The Chariton Water Board and the Chariton City Council held the first of what could be a number of discussions about Lake Ellis and Lake Morris at the water board’s monthly meeting in June held at Chariton City Hall.

Lake Ellis is located one mile east of Chariton on the south side of 482nd Street and Lake Morris is located two miles east of Chariton on the south side of 482nd Street.

The two boards were just starting the conversation about the lakes at the meeting including how they should be managed and how to better maintain them. No action was taken following the discussion except to get a couple of other boards involved in what should be done about the lakes including the Lucas County Board of Supervisors and Lucas County Conservation Board.

Lakes discussion update

In a brief phone interview with the newspaper this past Tuesday, Chariton City Manager Laura Liegois said that since the water board meeting that she and Water Superintendent Brad Robbins have had discussions on the lakes with Larry Davis of the Lucas County Board of Supervisors and a couple of other people that are interested in the lakes. Liegois and Robbins plan to meet with the Lucas County Conservation Board this week.

“We’re doing some fact finding and brain storming and we will bring some thoughts and ideas back to the city council and water board at another joint meeting between the two boards to be held on July 9,” Liegois said.

The property at the lakes is deeded in the City of Chariton’s name. It’s not clear whether the Chariton Water Board or City of Chariton is responsible for the property since the water department no longer draws water from both lakes to provide water for the City of Chariton since Chariton switched over to Rathbun Regional Water as its water provider back in late August 2018.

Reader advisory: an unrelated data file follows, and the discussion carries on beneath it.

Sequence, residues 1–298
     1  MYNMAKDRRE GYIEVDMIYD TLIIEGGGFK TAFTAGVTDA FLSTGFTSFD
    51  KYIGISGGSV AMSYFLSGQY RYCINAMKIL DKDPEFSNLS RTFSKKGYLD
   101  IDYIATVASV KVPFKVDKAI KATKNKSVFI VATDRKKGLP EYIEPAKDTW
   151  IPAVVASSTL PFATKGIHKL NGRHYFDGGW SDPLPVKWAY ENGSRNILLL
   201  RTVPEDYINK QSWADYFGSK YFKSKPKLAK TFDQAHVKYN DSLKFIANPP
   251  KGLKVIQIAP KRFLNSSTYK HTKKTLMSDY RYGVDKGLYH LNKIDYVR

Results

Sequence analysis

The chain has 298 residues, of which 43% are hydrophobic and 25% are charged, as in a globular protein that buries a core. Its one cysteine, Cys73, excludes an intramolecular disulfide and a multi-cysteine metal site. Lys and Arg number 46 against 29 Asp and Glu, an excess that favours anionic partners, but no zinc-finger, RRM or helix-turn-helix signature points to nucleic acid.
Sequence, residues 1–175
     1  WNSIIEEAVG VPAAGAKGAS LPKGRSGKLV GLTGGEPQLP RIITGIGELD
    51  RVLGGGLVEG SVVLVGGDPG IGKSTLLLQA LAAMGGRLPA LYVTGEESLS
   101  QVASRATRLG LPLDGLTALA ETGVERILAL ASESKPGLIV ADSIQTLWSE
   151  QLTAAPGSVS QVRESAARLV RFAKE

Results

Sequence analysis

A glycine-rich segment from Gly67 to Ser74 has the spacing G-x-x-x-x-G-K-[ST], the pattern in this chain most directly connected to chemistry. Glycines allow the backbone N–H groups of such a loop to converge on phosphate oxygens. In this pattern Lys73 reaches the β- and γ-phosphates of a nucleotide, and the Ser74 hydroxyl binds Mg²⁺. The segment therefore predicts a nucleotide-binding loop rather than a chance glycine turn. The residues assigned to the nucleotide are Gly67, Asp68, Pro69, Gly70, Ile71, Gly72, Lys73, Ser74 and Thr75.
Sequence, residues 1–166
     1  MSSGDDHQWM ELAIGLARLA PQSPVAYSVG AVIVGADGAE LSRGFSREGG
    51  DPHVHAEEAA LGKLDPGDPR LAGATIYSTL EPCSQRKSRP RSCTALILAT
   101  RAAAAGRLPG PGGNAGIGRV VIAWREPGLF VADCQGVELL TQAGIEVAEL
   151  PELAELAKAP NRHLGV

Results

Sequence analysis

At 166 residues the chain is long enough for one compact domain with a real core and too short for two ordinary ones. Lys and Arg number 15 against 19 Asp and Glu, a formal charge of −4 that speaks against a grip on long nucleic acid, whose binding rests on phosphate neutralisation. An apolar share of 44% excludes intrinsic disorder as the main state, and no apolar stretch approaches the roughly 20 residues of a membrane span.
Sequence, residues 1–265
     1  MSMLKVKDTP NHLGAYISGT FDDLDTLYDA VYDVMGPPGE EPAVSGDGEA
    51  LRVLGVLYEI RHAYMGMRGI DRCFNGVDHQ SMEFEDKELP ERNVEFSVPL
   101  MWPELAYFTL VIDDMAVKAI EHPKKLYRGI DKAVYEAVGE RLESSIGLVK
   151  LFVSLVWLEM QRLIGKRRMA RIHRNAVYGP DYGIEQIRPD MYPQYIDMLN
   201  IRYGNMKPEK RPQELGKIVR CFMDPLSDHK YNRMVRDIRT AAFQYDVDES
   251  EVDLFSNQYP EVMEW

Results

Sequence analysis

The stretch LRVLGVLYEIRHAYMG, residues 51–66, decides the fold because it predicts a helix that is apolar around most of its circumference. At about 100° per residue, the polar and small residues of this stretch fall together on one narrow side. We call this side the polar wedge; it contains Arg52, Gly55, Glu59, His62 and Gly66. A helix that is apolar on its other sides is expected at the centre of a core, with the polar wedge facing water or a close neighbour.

Who’s responsible for the lakes is also part of the discussion the water board and city council are having along with what direction they want to go with them and who will take care of the lakes in the future.

“We’ve been getting calls from people about who is maintaining the lakes and who is responsible for them. We need to open up the discussion about those things,” City Manager Liegois said near the start of the discussion about the lakes at the water board meeting.

Chariton Mayor Denny Bisgard commented that both lakes are being used for things such as fishing and kayaking and that the lakes need to be given attention and to be taken care of better.

“I keep hearing from people comment that since the property at the lakes is public land that they can do what they want out there. There are regulations that have been there for years that still apply but that aren’t posted. Red Haw State Park has regulations also, but they aren’t posted there either,” Water Board member Vern Vogel said.

At a previous meeting recently, the water board discussed the fact that there are still rules and regulations that still apply for both lakes and that the rules need to be enforced. Only one sign has been up at one of the lakes but it’s not readable. Water Superintendent Brad Robbins is getting signs to put up at each lake that state the rules and regulations. The signs are in the process of being ordered.

Read the June 30, 2020 edition of the Chariton Leader/Herald--Patriot for the rest of the story.

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